During the two years Michael was away, I’d been searching for my own (not illegally sublet) apartment, or a huge apartment for both of us, and had even considered moving to the country to join him. Now, I got the landlord of Michael’s old apartment to buy me out of the lease, and found us a three-bedroom apartment where we each had a workspace and our own full bathrooms — key to domestic and creative harmony.

Think we lived happily ever after? Oh, I loved him, but this isn’t just a love story. I didn’t want to live together, but I didn’t want to be apart, either. We couldn’t afford separate apartments like Frida and Diego, or Helena Bonham Carter and Tim Burton, so our three-bedroom would have to do. This meant I’d have to learn to live with a domestic partner for the first time in my life, a position not typical for a 44-year-old woman but not uncommon for a “bachelor” of the same age.

I soon began talking like a masculine cliché.

He began to secretly chat with his ex-lover via social media, while I began Googling “all-woman communes.”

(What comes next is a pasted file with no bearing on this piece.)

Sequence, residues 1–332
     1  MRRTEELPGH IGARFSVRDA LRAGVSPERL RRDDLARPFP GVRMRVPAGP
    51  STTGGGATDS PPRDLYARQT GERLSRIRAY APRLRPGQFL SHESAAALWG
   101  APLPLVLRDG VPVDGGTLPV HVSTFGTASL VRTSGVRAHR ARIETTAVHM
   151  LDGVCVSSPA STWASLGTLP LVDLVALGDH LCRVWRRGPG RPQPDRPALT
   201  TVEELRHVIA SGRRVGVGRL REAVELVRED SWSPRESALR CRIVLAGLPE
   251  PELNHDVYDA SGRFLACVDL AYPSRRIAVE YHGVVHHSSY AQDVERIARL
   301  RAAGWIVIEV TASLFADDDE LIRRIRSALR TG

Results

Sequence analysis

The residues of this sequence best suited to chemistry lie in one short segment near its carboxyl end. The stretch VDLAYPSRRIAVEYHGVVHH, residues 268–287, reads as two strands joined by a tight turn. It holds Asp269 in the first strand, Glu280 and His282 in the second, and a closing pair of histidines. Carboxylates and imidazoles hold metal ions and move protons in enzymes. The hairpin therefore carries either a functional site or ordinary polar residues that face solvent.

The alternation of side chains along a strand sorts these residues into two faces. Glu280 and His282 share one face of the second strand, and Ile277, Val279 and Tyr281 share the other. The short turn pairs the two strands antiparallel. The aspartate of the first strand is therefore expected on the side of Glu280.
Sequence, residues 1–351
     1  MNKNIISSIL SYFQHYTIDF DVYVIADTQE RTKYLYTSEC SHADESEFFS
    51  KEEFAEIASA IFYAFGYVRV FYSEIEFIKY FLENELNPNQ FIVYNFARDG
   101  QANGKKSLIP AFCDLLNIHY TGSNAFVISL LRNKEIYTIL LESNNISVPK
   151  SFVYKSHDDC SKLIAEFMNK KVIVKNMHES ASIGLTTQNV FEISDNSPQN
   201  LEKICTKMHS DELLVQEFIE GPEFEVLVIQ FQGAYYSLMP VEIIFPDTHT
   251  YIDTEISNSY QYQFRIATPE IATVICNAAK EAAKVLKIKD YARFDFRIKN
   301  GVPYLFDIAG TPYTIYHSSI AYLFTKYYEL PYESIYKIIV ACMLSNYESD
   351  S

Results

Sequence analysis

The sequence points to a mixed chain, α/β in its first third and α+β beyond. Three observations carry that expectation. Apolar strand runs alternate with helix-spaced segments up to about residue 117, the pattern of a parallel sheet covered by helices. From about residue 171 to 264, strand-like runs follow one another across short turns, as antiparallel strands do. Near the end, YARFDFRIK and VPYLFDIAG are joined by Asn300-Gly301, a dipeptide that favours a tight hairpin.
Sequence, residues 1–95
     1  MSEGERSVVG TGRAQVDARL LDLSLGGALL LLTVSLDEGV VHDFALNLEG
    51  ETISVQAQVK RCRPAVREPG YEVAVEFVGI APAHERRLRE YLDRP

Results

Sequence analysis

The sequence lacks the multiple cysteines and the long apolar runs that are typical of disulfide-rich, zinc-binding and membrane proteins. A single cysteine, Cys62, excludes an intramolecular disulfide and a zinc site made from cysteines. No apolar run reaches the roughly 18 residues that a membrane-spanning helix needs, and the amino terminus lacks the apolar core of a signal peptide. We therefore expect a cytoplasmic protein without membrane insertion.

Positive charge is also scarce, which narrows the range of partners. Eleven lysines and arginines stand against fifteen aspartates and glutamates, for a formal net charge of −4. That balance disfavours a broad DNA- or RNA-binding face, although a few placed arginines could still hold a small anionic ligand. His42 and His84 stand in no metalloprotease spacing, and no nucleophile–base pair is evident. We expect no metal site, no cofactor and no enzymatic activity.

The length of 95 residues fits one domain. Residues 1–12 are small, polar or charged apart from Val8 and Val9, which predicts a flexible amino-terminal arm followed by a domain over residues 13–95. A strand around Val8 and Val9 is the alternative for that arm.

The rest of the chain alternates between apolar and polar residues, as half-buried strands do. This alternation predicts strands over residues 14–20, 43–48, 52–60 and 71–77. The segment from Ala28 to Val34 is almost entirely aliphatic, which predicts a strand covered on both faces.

On the one hand I was like the fox from St-Exupery’s “The Little Prince”: I needed to be “tamed” for domestic bliss.

On the other hand, I was very aware of the usual ways social convention and emotional laziness can make living together more beneficial for a man than for a woman when there’s one of each in the equation.

Yet I watched it happen. It started with me doing all the work to find the apartment and negotiate the lease, laying out the full deposit myself, doing the repairs myself before we moved in, and then, once we had moved in, paying for household items he didn’t prioritize, like a sturdy, airtight trash bin that wouldn’t attract roaches or fall apart after six months.

Then, when our sheets and towels went from white to gray and my expensive work clothes got ruined in the wash, he said:

When our electric bill was exorbitant due to the 100-watt incandescent bulb on in Michael’s studio all afternoon and night, I was the one to research and invest in LED technology. LED bulbs cost $39 a pop when they first hit the market, but I figured they would pay for themselves as the years went by. I’d joke that: